From former MTV VJ Dave Holmes, the hilarious memoir of a perpetual outsider fumbling toward self-acceptance, with the music of the '80s, '90s, and today as his soundtrack.
Dave Holmes has spent his life on the periphery, nose pressed hopefully against the glass, wanting just one thing: to get inside. Growing up, he was the artsy son in the sporty family. At his all-boys high school and Catholic college, he was the closeted gay kid surrounded by crush-worthy straight guys. And in his 20s, in the middle of a disastrous career in advertising, he accidentally became an MTV VJ overnight when he finished second, naturally, in the Wanna Be a VJ contest, opening the door to fame, fortune, and celebrity - you know, almost.
In Party of One, Holmes tells the hilariously painful and painfully hilarious tales - in the vein of Rob Sheffield, Andy Cohen, and Paul Feig - of an outsider desperate to get in, of a misfit constantly changing shape, of a music geek who finally learns to accept himself. Structured around a mix of hits and deep cuts from the last four decades - from Bruce Springsteen's "Hungry Heart" and En Vogue's "Free Your Mind" to LCD Soundsystem's "Losing My Edge" and Bleachers' "I Wanna Get Better" - and punctuated with interludes like "So You've Had Your Heart Broken in the 1990s: A Playlist" and "Notes on (Jesse) Camp", this book is for anyone who's ever felt like a square peg, especially those who have found their place in the world around a band, an album, or a song. It's a laugh-out-loud funny, deeply nostalgic story about never fitting in, never giving up, and letting good music guide the way.
©2016 Dave Holmes (P)2016 Random House Audio
"In Party of One, Dave Holmes goes deep into all the ways loving music warps you for life, from shaping your teen crush on Huey Lewis to putting you on MTV at the peak of the TRL era. But his book is also a tenderly hilarious and moving tale of trying to grow up - whether that means coming out at your Catholic college, hitting the hot tub with Kid Rock, or getting that sensation that the singer on your radio is the only soul who truly understands you." (Rob Sheffield, New York Times best-selling author of Love Is a Mix Tape)
"Who better to marry great storytelling with great songs? Dave Holmes's love of music and pop culture is infectious, and his stories are hilarious!" (Andy Cohen, New York Times best-selling author of Most Talkative)
"Party of One is a perfect memoir - hilarious, moving, and full of beauty. Holmes writes at all times with great heart, brains, and courage." (Darin Strauss, National Book Critics Circle Award-winning author of Half a Life)
Dave Holmes' reading/performance of this book is wonderful. The tone is completely conversational yet at the same time incredibly professional. There was no over the top affect to the performance (as there have been some other audiobooks). Even the few times where Holmes began to attempt an accent were peppered with jokes of "no, I'm not going to do an accent".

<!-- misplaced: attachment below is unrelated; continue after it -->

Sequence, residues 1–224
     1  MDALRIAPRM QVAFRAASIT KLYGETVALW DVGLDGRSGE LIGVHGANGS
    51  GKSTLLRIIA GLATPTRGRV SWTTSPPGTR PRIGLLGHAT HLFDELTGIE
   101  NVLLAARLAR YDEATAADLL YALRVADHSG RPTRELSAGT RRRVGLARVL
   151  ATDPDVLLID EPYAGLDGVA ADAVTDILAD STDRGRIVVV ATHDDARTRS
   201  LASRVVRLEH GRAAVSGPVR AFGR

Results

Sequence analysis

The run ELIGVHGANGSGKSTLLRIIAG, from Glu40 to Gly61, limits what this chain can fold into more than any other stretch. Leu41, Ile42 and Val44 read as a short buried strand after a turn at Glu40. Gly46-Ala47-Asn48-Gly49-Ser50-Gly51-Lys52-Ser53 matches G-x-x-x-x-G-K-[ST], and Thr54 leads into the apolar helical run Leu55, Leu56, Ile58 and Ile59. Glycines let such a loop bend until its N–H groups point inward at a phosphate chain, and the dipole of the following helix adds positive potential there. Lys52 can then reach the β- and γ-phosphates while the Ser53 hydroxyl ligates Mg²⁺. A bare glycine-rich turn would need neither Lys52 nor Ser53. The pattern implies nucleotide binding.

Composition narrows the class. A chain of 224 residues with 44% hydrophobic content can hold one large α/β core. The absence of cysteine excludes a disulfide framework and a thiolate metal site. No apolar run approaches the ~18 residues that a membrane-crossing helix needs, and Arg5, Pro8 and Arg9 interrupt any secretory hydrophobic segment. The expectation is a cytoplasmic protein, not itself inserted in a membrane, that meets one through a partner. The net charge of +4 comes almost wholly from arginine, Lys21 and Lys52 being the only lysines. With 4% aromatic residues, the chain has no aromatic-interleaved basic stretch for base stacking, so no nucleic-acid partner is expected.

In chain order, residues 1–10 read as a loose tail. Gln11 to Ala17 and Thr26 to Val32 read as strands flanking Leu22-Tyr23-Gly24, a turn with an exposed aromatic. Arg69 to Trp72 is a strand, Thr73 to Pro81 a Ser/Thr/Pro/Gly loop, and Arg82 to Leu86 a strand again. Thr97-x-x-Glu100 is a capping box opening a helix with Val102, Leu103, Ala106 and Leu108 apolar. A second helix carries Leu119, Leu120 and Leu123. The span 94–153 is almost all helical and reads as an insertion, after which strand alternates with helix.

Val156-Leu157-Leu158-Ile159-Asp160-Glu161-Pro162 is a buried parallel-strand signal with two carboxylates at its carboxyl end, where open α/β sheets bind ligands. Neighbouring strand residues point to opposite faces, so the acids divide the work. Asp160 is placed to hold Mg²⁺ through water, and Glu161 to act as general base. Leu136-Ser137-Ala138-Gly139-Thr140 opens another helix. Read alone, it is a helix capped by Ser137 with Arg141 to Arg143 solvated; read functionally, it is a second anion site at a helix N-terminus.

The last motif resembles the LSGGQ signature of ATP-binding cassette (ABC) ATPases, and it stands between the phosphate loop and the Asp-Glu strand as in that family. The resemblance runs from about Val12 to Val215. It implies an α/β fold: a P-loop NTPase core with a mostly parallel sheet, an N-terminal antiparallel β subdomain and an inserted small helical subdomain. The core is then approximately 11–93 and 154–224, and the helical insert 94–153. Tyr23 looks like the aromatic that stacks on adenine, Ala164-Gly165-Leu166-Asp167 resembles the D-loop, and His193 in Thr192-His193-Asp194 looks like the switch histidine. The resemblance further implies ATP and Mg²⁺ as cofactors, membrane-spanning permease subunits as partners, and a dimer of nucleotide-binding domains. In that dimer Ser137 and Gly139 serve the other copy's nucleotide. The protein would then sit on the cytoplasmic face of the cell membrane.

He is a wonderful writer with smart and funny observations and the ability to make the reader feel as if they are in a one on one conversation with the author.
It is an engaging, funny, self-depreciating and poignant book. The chapters are vignettes that are strung together to tell the story of life by a talented storyteller. And the author brings you along--inviting you to his party.
host of the podcast Not In A Creepy Way, avid audiobook listener
Dave Holmes tells a good story and his voice is very pleasant. A whole-hearted recommendation!
Dave Holmes is like your old friend from your childhood. His self-deprecating take on life is for anyone that lived through MTV's golden era or anyone who ever felt like an outsider. He writes with a funny sharp wit. Thoroughly enjoyable.
I really like this start to finish, got through it in about 2 days. Really likable guy telling a fun, relatable story.
Kept rewinding to re-listen to something particularly funny which ended up being the bulk of the book so it took me awhile to finish it. That said, I loved every minute of it and plan to listen to it again very soon.
Dave Holmes is one of my favorite podcast guests so I had to get his book on audio. His narration is great. Very charming. The story is smart and funny and a little sad as he finds his way. Plus a few insane stories from his MTV days.
"Susanna Hoffs was gouda." Priceless.
Recently I heard Dave on a satellite radio show called "My Favorite Song," and I was quite taken with his taste & found him so interesting that I was eager to check out his book. I REALLY related to him on many, many levels. I totally would have wanted to be part of the group of friends he describes from his school boy days who didn't fit in to any clique apart from the awkward, closeted, grammatically correct, music-obsessed teens who are overflowing with insecurity. Dave's tales provide us another fabulous example of "we're not alone" and "it gets better."
This is his life story in bits & pieces, each under the umbrella of an appropriate song from his playlist of favorites. Hearing him tell the storeis is even better than reading them because you get to hear his nuances... the tiny little ways he infuses a line delivery. Several of them land like punchlines. I had no idea he had such a strong comedy/improv background. That really shows here, both in how he views & relates to the world & in how he crafts the story he's telling. I found myself smiling throughout... I just loved it. I wholeheartedly recommend it, especially to anyone who grew up in the 80s, and even more especially if you're a gay man who feels like none of the usual stereotypes apply to you.
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